Since ERISA was passed, the courts have struggled with the threshold question of whether defendants named in a fiduciary breach lawsuit constitute plan fiduciaries. The result of this struggle has left little predictability as to whether boards of directors, chief executive officers or other senior officers named as defendants will be dismissed early or have to face the distraction of litigation. Compounding this conundrum is the Department of Labour's recent attempt to broaden ERISA's fiduciary definition through formal rulemaking. While the extent of the department's success remains uncertain, this is a good time to review their structure, with an eye towards cordoning off the board and most senior officers from plan investment decisions.
In Glenn v Metropolitan Life the Supreme Court identified the circumstances in which discovery might be appropriate in benefits litigation. Before the court's intervention, these benefits cases were typically handled without any discovery, with a court deciding – based only on the administrative record – whether the plan administrator's decision was reasonable. As a result of Glenn, plaintiffs' counsel routinely plead a conflict of interest by the plan administrator, opening the door to expansive (and expensive) discovery. Plans can reduce the breadth and cost of discovery demands by strengthening the plan language and internal procedures for deciding benefit claims.
Until the Supreme Court decided CIGNA v Amara in 2011, relief in ERISA cases was generally limited either to the benefits owed or to equitable, non-monetary remedies. In CIGNA the court revisited and reinterpreted its past precedents. Reflecting on equitable remedies, the court identified three mechanisms that courts of equity traditionally used to exact monetary penalties, including a surcharge for harm suffered in unlimited amounts. Nearly every lawsuit since then seeks a surcharge, opening the door for plaintiffs' attorneys to demand a greater settlement or to seek a higher award.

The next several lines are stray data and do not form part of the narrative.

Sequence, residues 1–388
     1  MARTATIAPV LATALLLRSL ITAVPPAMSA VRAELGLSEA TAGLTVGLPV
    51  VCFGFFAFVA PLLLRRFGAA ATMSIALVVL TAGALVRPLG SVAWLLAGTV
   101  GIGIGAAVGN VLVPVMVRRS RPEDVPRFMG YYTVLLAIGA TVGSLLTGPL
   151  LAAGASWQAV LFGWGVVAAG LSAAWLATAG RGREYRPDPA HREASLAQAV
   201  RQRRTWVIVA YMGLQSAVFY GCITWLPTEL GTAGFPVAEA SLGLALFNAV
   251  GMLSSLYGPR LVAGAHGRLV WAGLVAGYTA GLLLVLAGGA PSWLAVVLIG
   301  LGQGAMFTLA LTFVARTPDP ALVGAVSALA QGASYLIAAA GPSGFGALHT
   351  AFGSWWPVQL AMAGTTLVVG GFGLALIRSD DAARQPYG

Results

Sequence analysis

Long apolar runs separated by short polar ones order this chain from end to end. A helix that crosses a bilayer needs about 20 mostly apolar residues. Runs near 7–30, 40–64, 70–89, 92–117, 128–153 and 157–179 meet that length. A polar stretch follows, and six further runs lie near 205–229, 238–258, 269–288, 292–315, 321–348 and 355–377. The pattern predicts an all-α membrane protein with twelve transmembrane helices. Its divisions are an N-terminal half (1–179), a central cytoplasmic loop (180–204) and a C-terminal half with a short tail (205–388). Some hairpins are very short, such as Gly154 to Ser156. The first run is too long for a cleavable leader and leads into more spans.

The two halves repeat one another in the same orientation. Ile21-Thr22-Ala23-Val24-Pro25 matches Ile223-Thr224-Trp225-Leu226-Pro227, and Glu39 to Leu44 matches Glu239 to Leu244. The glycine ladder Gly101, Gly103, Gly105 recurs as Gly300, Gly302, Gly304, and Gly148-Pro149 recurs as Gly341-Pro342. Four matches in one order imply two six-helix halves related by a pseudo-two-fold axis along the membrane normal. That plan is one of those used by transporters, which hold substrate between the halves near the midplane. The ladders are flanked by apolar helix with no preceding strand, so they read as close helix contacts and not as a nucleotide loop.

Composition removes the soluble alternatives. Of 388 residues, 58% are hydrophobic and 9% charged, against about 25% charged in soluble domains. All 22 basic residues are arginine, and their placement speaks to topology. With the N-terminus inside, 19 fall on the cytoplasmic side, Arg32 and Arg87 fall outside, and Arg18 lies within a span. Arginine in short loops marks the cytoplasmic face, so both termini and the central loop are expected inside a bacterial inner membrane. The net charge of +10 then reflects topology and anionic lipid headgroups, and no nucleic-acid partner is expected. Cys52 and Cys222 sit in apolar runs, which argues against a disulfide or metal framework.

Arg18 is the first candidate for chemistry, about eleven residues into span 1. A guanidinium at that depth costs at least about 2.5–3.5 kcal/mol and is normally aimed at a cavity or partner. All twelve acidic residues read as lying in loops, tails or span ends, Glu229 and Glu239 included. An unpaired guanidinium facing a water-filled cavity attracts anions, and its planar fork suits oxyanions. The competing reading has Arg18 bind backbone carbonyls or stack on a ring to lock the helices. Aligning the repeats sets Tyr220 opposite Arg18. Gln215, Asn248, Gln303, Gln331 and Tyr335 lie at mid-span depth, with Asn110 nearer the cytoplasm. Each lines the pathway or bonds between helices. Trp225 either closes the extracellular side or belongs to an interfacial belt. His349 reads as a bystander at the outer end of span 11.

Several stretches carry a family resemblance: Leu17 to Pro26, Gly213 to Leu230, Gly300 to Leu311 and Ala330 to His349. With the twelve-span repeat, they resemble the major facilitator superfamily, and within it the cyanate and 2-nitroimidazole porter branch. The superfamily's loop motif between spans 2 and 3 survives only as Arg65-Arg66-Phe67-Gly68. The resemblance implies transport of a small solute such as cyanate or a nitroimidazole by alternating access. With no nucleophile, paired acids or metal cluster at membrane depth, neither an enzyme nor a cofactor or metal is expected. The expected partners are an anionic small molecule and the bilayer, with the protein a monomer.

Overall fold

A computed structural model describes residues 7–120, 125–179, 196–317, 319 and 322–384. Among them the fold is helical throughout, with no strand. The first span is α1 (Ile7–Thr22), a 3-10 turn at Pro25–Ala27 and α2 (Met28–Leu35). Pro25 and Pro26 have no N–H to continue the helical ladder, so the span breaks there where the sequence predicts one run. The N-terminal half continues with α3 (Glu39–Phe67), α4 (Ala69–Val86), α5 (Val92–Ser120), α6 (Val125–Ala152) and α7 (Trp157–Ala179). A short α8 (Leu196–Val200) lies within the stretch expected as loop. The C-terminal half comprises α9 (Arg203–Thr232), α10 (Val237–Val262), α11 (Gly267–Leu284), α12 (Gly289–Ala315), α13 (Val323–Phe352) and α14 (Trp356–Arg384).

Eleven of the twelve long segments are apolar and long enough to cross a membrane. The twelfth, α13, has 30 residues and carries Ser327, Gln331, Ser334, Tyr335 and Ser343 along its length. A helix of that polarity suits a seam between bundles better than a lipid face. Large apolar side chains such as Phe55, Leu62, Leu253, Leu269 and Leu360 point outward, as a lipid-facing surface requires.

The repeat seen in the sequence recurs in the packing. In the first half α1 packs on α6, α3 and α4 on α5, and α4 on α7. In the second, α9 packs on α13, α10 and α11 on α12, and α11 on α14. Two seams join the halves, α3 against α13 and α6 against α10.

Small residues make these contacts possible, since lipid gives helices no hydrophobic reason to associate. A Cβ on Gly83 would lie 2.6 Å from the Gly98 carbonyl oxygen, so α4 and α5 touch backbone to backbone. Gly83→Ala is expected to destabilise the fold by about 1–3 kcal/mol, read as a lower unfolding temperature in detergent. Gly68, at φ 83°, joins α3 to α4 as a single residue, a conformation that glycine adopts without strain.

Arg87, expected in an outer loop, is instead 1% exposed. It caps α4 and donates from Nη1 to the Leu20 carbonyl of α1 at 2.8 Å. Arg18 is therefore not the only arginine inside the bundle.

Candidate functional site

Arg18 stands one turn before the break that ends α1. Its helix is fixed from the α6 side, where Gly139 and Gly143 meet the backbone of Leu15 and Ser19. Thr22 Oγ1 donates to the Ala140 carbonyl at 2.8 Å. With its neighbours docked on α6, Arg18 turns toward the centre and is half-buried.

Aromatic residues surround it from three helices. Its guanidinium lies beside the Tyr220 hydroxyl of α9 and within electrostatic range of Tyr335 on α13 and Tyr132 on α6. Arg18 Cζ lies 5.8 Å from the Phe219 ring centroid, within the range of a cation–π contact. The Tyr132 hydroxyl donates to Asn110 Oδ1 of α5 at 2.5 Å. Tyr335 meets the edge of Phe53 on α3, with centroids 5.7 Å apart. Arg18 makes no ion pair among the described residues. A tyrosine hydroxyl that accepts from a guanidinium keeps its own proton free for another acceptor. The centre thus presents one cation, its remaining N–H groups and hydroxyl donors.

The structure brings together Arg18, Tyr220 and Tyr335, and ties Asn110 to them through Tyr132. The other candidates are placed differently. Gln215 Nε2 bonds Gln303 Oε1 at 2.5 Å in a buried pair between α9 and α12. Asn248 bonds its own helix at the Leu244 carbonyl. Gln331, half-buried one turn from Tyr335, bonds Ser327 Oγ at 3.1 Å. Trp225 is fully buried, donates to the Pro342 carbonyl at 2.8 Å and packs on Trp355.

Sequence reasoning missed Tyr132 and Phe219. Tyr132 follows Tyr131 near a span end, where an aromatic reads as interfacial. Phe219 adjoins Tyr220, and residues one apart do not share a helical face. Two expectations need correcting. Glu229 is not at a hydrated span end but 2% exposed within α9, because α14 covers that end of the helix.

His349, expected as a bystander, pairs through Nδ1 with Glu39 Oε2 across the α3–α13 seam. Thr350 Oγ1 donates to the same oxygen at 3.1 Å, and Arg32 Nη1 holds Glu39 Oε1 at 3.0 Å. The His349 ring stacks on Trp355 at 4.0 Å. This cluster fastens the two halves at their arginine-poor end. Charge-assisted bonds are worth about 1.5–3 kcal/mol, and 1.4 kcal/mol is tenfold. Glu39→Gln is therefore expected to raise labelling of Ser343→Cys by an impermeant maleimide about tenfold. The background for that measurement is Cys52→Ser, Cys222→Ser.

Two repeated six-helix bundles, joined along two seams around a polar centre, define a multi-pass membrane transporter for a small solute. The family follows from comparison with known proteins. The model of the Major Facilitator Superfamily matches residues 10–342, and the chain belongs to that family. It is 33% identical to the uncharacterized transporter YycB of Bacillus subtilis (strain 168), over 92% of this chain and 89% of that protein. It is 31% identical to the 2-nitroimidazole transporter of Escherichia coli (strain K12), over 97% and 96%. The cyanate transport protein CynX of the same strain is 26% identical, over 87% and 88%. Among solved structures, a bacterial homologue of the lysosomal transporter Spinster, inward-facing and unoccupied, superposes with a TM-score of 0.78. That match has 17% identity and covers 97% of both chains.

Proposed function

The Supreme Court expanded the ability of participants to recover their attorneys' fees in benefits lawsuits. Before the Supreme Court's ruling in Hardt v Reliance Standard Life, courts typically applied a bad-faith standard to decide whether a party was entitled to fees under ERISA's discretionary fee provision. As a result of Hardt, courts must now award fees if there has been a reasonable degree of success by the participant. Courts have interpreted Hardt to entitle participants to recover attorneys' fees even when benefit determinations are only remanded to the plan administrator for further review. A prudent, documented and followed process for handling benefits can go far in achieving success in the courtroom and mitigating this risk.
Leaving the most troubling ERISA doctrine for last, this exception is a trap for the unwary. Courts have been slow to issue applicable rulings, but those opinions that exist might be your most formidable opponent. Essentially, the doctrine holds that when legal advice is given for purposes of plan administration, the participants – and not the fiduciaries – are the beneficiaries of that advice. The result is that a fiduciary who obtains problematic or concerning legal advice may be unable to protect that advice from disclosure in court.
For further information on this topic please contact Nancy G Ross or Samuel Myler at Mayer Brown LLP's Chicago office by telephone (+1 312 782 0600) or email (firstname.lastname@example.org or email@example.com). Alternatively, contact Brian D Netter at Mayer Brown LLP's Washington DC office by telephone (+1 202 263 3000) or email (firstname.lastname@example.org). The Mayer Brown International LLP website can be accessed at www.mayerbrown.com.